She was the mother of six. She was a Sunday school teacher and a beloved big sister. A protector.
But Yvette Peña’s adult life was overshadowed by childhood tragedy.
She struggled with it every day.
When Jamie Osuna killed Peña, his crime shaped the way her life would be remembered – until now.
Her sister sat down with KGET reporter Olivia LaVoice for an hours-long interview, spanning decades of memories.
The sister, Danielle, remembered how a teenage Yvette put in extra hours at work to make sure her little sister had whatever she needed. As most younger siblings do, Danielle looked up to her older sister.
But behind her brilliant smile, Yvette was keeping a secret.
For years, she quietly endured horrors that no child should ever face. As an adult, she’d continue to fight the stranglehold of childhood trauma, again and again, until it was too late.
Yvette’s eldest daughter, Melyssa, says her mother should have been at her graduation. Yvette should have met her grandson. There is so much that Osuna took from their family and left heartache in its place.
This episode isn’t about Osuna. It’s about how Yvette’s life was tangled in tragedy long before she ever crossed paths with the man who would take her life.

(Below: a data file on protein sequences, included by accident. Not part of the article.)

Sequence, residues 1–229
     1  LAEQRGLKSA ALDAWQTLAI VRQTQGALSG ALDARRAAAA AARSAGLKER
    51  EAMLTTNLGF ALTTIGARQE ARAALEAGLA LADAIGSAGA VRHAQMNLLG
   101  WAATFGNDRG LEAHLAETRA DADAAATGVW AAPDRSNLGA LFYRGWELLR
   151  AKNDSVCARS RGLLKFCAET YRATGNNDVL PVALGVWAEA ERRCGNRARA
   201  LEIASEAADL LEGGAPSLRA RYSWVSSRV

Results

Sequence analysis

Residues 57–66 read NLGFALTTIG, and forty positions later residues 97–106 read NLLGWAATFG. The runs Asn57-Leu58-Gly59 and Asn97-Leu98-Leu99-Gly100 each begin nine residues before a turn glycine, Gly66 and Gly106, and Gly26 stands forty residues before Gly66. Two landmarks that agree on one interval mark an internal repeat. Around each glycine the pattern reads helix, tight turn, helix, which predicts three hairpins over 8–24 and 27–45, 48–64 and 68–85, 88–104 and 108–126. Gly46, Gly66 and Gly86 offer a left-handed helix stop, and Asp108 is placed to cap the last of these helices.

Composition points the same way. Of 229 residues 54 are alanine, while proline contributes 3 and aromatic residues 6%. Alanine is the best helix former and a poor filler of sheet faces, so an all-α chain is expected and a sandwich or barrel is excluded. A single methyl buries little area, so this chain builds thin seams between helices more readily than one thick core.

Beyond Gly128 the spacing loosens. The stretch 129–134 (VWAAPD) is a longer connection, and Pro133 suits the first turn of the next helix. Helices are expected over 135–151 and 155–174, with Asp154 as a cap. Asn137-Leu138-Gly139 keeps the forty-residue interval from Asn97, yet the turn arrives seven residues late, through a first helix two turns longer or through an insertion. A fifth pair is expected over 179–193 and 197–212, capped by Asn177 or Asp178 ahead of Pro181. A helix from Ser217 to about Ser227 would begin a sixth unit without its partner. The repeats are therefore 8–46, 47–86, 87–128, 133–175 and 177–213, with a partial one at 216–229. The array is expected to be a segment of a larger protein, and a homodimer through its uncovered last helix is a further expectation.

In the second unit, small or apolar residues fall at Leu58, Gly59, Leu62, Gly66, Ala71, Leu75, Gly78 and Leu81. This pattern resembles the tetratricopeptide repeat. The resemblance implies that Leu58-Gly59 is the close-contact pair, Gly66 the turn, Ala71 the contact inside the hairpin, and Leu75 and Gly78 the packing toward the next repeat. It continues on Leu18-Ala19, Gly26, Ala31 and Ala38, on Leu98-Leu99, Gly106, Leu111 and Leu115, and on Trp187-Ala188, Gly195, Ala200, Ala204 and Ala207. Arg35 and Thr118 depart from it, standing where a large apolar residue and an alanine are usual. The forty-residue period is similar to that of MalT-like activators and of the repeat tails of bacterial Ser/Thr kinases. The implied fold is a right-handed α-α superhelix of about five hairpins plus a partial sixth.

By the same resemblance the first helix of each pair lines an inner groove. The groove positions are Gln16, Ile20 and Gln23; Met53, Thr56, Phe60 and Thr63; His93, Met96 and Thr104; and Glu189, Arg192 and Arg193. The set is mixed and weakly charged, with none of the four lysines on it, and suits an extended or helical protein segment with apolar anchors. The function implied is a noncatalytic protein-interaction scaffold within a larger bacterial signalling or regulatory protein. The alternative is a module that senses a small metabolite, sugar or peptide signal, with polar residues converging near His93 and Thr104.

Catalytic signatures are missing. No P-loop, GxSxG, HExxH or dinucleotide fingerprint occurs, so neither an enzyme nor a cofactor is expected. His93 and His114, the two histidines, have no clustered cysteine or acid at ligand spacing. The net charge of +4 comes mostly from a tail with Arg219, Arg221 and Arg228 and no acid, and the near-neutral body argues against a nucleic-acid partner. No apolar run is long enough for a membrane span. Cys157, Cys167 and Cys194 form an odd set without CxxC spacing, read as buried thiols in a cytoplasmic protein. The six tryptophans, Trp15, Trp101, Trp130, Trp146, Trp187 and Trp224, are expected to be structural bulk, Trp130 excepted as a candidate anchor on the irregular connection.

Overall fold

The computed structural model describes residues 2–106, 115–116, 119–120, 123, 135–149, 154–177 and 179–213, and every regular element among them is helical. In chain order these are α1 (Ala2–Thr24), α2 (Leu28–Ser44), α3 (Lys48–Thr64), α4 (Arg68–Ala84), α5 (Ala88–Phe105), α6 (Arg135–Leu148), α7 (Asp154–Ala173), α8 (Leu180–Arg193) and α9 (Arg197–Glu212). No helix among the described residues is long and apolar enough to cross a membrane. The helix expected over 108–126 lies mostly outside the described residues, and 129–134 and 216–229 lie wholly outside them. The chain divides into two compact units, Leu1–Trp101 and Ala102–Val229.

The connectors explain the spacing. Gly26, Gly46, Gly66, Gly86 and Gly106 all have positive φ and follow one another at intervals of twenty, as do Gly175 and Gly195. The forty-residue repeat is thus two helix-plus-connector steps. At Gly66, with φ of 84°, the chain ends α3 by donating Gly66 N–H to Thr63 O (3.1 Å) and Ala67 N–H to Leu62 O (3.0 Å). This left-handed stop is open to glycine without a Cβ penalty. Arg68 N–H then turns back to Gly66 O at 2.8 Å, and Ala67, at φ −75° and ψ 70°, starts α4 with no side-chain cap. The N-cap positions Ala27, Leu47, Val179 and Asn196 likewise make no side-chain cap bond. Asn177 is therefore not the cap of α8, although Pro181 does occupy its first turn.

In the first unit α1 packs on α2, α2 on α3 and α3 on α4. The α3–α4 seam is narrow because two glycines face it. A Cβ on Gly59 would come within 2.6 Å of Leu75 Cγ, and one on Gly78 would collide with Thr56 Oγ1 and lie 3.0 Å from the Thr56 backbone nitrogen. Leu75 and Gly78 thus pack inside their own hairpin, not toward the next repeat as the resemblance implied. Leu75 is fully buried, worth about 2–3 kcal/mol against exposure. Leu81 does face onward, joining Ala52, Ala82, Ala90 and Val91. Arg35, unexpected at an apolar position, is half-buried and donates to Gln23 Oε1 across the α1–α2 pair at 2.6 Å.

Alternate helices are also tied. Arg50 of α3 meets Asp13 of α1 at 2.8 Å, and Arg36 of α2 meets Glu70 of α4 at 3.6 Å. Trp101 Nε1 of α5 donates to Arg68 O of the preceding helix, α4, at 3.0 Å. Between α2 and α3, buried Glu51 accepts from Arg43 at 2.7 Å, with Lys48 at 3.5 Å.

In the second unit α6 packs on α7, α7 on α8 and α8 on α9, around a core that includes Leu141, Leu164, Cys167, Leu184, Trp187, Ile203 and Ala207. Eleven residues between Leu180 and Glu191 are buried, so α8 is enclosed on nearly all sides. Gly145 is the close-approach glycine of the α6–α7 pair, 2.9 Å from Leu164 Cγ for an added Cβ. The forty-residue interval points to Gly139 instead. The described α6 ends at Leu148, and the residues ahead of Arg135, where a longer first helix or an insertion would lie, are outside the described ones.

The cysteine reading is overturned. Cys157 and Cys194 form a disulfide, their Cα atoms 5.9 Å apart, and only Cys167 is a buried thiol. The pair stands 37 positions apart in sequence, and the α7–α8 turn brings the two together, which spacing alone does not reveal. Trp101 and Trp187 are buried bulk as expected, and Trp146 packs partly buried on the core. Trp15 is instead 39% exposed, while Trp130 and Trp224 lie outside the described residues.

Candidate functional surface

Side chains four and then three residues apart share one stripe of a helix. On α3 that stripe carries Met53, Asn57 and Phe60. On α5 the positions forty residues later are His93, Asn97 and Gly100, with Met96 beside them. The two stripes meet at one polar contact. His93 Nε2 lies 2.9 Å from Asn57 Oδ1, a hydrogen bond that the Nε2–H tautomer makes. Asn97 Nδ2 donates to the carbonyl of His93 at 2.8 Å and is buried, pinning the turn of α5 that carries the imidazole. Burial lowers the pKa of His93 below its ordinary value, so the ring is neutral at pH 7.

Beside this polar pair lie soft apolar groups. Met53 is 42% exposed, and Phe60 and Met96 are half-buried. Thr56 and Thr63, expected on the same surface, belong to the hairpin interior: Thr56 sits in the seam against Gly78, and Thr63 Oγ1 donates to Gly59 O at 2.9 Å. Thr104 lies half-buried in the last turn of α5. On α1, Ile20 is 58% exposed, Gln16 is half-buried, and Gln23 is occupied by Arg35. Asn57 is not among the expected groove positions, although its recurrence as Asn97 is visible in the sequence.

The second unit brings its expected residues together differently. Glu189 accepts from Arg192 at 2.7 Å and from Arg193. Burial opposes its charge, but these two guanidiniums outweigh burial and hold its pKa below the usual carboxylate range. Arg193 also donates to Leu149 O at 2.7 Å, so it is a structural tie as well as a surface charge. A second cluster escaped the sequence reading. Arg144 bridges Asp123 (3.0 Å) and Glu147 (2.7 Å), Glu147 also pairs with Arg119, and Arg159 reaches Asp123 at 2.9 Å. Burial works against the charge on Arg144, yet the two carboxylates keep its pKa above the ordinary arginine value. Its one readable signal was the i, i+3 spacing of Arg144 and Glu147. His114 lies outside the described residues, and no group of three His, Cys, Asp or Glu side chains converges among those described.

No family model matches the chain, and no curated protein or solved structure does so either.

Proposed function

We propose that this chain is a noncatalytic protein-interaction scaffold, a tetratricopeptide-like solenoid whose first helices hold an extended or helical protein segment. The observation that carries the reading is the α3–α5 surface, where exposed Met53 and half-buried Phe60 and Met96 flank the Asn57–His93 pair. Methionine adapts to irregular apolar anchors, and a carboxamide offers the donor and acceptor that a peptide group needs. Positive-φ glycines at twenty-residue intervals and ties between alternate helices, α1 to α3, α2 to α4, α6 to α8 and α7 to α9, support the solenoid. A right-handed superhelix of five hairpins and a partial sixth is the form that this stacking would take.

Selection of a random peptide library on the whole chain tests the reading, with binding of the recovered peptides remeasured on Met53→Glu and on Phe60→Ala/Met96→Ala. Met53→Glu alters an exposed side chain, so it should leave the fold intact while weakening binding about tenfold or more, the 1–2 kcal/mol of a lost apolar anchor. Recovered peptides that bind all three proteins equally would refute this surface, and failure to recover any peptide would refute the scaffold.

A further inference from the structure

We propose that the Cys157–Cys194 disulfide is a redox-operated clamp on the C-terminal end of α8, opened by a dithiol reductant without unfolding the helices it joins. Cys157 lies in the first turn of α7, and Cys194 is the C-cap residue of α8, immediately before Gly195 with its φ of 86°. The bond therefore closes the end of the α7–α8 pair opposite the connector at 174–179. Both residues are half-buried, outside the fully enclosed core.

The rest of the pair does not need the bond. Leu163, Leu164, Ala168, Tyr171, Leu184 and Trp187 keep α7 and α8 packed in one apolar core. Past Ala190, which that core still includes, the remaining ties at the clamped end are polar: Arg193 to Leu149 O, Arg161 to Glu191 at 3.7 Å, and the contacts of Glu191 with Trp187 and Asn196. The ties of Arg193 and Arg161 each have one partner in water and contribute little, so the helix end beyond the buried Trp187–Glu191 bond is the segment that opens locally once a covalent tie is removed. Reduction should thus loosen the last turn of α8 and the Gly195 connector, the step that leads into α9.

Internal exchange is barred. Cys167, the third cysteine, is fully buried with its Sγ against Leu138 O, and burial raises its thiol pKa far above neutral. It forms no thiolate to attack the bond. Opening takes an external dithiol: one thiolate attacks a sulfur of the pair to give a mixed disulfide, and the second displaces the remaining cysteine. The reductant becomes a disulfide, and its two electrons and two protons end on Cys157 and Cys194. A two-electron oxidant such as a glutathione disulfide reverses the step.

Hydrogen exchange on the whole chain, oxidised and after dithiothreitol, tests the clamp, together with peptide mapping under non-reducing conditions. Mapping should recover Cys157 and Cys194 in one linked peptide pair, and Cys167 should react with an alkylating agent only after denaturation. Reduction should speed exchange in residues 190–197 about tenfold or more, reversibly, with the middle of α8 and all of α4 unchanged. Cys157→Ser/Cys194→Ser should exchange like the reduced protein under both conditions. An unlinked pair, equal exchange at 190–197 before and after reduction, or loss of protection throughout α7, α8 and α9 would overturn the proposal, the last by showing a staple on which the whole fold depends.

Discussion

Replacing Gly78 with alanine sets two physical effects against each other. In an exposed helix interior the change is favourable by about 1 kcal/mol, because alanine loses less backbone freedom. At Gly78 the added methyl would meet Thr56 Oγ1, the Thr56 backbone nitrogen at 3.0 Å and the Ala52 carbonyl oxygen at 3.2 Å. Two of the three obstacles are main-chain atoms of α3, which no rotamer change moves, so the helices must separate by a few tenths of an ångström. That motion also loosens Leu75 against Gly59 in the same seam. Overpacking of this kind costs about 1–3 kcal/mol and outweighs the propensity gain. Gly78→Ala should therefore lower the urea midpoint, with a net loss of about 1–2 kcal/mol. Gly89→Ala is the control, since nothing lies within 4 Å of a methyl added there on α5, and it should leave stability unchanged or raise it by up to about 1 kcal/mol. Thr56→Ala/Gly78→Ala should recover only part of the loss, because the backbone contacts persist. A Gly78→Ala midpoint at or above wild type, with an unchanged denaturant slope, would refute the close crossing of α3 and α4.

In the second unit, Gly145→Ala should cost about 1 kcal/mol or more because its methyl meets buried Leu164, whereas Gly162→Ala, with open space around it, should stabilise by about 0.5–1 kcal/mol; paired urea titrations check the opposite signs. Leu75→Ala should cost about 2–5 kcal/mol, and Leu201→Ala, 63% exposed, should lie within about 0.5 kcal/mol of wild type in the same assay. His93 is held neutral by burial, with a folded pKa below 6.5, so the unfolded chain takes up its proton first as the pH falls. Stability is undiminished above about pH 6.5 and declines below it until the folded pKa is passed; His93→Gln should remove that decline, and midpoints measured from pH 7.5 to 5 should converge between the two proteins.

As a child, Yvette endured horrors that no child should have to face. She believed she was doing it all to protect her baby sister. She is 10 years old in this photo, the age the abuse began.
Yvette and her younger sister Danielle were 10 years apart, but the sisters were close. Danielle remembers one year, Yvette worked extra hours at her job to afford a toy that Danielle wanted for Christmas. The sisters are pictured here with Yvette’s eldest son.
KGET was provided multiple photos of Yvette for this investigation. In most, she has closed smile, but not this one.
Family members say that for most of Yvette’s life, she felt that being a mother was all she had in this world. It was her identity. She’s pictured here with her eldest son.
“My sister put me to bed,” Danielle recalls of Yvette. “She bathed me. She cooked for me. She took care of me. I don’t even remember my mom. It was just me and my sister.” Yvette is pictured here holding her baby cousin.